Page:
Issued
2014
Decision
19 Dec 2014
Appeal Status
Not appealed

Interpretation of section 113: The Commissioner's ability to correct assessments

2014 case note – CIR's ability to correct assessments under s 113 of the Tax Administration Act - discretion, irrevocability, correct assessment.

Case
Westpac Securities NZ Ltd v Commissioner of Inland Revenue
Legal terms
Section 113, discretion, irrevocability, correct assessment

Summary

The Commissioner of Inland Revenue's ("the Commissioner") ability to exercise her discretion in s 113 of the Tax Administration Act 1994 ("TAA") is not limited to amendments made to correct an assessment previously in error. Section 113 can also be applied to amend an assessment that is not incorrect and substitute another more appropriate assessment. Also, the Court held that the fact that an election made by the taxpayer was irrevocable did not limit the Commissioner's ability to exercise s 113.

Case Impact Statement

This judgment confirms that the Commissioner's power to amend assessments in s 113 of the TAA is not limited by the "correctness" of the previous assessment; the Commissioner has a wide discretion to amend an existing assessment which may not be incorrect and substitute another more appropriate assessment. Further, the Court held that the irrevocability of elections in s IC 5(4) of the Income Tax Act 2007 ("ITA") did not preclude the Commissioner from exercising the s 113 discretion.

The judgment also indicates that in the exercise of the discretion the Commissioner may take into account factors such as that s 113 is not intended to be used by taxpayers as a way of circumventing the statutory disputes process or "gaming the system", the merits of the case, and the resources available to the Commissioner.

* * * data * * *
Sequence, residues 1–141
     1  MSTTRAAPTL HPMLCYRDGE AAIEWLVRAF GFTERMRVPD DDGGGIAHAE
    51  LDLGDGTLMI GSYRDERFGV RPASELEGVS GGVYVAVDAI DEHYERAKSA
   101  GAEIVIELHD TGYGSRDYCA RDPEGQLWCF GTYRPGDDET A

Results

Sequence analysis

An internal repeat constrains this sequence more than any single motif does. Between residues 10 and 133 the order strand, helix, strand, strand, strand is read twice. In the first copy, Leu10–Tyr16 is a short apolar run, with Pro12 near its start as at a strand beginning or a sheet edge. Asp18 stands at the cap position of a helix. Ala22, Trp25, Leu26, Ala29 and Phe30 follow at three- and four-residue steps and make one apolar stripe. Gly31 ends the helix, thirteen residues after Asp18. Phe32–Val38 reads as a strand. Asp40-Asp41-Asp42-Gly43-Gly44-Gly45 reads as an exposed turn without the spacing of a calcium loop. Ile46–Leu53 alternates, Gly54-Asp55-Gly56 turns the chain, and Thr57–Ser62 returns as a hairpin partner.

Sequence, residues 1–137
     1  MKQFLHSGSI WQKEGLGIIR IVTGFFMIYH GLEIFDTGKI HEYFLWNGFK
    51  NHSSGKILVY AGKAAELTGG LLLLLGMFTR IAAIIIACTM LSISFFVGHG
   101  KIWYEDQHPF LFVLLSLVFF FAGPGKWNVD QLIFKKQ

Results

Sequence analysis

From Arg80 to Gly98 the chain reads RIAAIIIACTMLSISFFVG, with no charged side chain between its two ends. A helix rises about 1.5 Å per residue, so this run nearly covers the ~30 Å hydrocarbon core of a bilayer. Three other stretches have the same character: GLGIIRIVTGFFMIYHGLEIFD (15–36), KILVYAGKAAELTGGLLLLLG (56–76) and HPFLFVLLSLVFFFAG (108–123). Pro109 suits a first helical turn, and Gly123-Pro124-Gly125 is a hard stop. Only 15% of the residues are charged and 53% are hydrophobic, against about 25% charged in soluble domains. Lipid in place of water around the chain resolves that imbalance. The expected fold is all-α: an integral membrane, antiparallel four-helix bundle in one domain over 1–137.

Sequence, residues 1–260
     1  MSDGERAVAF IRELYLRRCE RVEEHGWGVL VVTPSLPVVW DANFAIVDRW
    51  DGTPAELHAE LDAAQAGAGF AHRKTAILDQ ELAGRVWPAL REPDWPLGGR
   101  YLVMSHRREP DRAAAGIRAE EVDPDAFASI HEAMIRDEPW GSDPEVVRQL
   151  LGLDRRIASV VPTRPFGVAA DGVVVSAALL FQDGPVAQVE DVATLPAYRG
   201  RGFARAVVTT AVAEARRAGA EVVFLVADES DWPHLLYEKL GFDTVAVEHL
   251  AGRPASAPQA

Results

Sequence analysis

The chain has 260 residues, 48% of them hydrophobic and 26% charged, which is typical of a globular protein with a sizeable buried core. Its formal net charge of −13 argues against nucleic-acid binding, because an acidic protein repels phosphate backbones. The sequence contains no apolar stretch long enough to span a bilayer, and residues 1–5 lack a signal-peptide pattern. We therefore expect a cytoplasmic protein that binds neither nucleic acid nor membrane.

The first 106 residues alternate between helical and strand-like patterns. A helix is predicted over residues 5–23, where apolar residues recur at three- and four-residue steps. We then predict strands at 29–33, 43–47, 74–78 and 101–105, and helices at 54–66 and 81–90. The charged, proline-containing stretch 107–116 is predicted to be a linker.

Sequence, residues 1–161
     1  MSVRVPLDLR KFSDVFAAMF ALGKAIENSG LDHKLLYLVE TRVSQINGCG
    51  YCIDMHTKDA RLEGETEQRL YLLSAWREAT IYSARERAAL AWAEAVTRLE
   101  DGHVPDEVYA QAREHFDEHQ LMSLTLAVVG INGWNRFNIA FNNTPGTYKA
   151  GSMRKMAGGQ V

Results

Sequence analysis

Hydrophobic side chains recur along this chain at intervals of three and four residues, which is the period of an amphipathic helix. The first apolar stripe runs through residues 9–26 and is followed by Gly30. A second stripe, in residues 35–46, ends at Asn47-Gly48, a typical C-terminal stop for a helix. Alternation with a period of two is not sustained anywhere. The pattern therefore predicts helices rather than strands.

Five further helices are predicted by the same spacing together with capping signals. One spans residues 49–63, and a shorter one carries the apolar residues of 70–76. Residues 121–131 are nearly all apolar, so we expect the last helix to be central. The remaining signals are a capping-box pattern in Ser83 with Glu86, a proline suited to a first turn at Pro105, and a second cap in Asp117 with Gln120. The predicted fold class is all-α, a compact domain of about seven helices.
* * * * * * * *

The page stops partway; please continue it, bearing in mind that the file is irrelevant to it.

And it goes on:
The Commissioner is currently considering the impact of this decision on her Standard Practice Statement (SPS 07/03) Requests to amend assessments. In the interim, the Commissioner will continue to apply SPS 07/03 having regard to this decision.

Facts

The plaintiffs were all members of the Westpac group of companies ("Westpac"). Four of the group's companies elected to offset losses against the income of Westpac Securities NZ Ltd and WestpacTrust Securities NZ Ltd, which resulted in the latter companies being unable to use foreign tax credits that subsequently became available to them.

Westpac applied to the Commissioner under s 113 of the TAA for the Commissioner to amend the assessments of the relevant companies so that the losses could be offset elsewhere.

The Commissioner declined the request on the basis that s IC 5(4) of the ITA provides that loss offset elections are irrevocable and that provision applied equally to Westpac and the Commissioner; and that Westpac's elections were legally valid options which had resulted in correct assessments and so did not fall under her s 113 power to correct. In making the latter decision, the Commissioner also relied on the distinction drawn in her Standard Practice Statement (SPS 07/03) between genuine errors and regretted choice and decided that Westpac's case was one of regretted choice.

Westpac applied for judicial review of that decision.

Decision

Section 113

Clifford J, referring to the dictionary definition of "correct" as meaning "free from error, true, accurate" or "in accordance with fact, truth, or reason" or "meeting the requirements of a particular situation", noted the concept of correctness was not necessarily a binary one. Clifford J concluded that, on a plain reading of s 113, the Commissioner was not precluded from amending an assessment which was on one understanding correct to ensure it is nevertheless accurate or most appropriate for a particular situation.